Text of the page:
Friday, January 31, 2014

Tax Season

Many divorced or separated parents have to decide who gets to claim the tax exemption for the child or children.  Sometimes it's easy: two kids, 50/50 custody split - they each get to claim one.  Or if there is only one child, the parents may alternate years claiming the exemption.  But it can get difficult where there's an odd number of children and/or the physical custody is not evenly split.  Often parties agree how they're going to arrange the exemptions as part of a final custody order or divorce judgment, but the first year filing separately can be difficult if the case is ongoing and an agreement hasn't been reached. It's also important to note that the Internal Revenue Code controls over and above a family court order.  The rule is that the parent who has the child 50% or more of the time (the custodial parent) is entitled to the exemption.  That is a hard and fast rule: the person with the majority of the parenting time is automatically entitled to the exemption. If the parties agree that the parent with less than 50% of the physical custody will claim the  exemption, the non-custodial parent still has to get an IRS Form 8332 signed by the custodial parent in order to be able to claim the exemption.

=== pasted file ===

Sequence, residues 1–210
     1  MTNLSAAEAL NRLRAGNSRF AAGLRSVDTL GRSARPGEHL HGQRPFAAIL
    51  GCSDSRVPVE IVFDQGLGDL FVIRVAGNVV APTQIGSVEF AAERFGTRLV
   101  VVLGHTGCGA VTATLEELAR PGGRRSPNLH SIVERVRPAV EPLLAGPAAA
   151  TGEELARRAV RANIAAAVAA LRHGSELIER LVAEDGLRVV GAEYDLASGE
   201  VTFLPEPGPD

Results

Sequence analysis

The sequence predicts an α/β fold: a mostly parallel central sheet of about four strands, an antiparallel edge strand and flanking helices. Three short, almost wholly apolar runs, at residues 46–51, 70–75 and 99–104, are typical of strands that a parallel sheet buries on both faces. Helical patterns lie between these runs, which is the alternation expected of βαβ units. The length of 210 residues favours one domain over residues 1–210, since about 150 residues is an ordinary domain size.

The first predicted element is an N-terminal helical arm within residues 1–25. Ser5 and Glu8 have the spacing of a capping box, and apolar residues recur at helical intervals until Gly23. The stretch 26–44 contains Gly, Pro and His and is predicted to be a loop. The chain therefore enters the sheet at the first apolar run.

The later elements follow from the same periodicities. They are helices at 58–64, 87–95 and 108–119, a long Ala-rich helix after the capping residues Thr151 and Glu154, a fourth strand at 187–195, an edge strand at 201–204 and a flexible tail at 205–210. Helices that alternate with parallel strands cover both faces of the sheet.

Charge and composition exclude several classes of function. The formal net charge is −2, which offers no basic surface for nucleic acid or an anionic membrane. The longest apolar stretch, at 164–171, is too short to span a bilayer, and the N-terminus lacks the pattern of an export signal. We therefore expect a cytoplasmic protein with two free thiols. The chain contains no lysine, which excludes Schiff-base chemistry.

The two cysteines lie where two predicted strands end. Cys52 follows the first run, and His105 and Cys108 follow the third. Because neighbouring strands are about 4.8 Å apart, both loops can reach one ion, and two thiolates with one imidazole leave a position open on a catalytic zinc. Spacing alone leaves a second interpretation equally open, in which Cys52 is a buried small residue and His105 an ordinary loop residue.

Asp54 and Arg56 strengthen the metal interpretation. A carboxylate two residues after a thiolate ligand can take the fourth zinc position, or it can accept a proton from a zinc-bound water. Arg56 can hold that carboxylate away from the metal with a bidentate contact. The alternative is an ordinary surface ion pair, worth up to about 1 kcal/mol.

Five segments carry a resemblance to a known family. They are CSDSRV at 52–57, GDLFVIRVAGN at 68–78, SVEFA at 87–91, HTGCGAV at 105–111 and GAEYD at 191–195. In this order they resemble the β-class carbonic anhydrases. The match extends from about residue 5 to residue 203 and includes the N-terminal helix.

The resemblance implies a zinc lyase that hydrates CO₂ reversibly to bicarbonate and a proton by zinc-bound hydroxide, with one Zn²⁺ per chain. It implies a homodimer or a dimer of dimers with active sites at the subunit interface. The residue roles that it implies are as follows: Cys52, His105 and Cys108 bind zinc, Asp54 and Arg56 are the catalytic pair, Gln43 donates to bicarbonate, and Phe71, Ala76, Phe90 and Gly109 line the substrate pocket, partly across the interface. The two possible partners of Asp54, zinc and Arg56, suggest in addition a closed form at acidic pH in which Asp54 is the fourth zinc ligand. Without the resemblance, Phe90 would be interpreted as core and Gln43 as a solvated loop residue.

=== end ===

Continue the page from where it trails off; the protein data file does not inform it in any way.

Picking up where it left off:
My own two cents: Often parents who are not in agreement about this will feel like it's a race to file their taxes first, but this is a bad idea.  If the parent who is not entitled to the exemption files first and claims that exemption, they're just creating more work for themselves because they'll have to file an amended return and possible return some money they've already received.  Also, newly divorced parents who have never filed taxes on their own before or who separated partly through the previous tax year should really see a CPA.  If you have a divorce attorney, seek a recommendation for a good CPA from him or her.  Ask your coworkers if they know a good CPA.  It might seem like a big expense, but it's almost always worth it to pay $100-$200 up front so you know you're following the law correctly and taking advantage of any credits to which you might be entitled.

No comments:

Post a Comment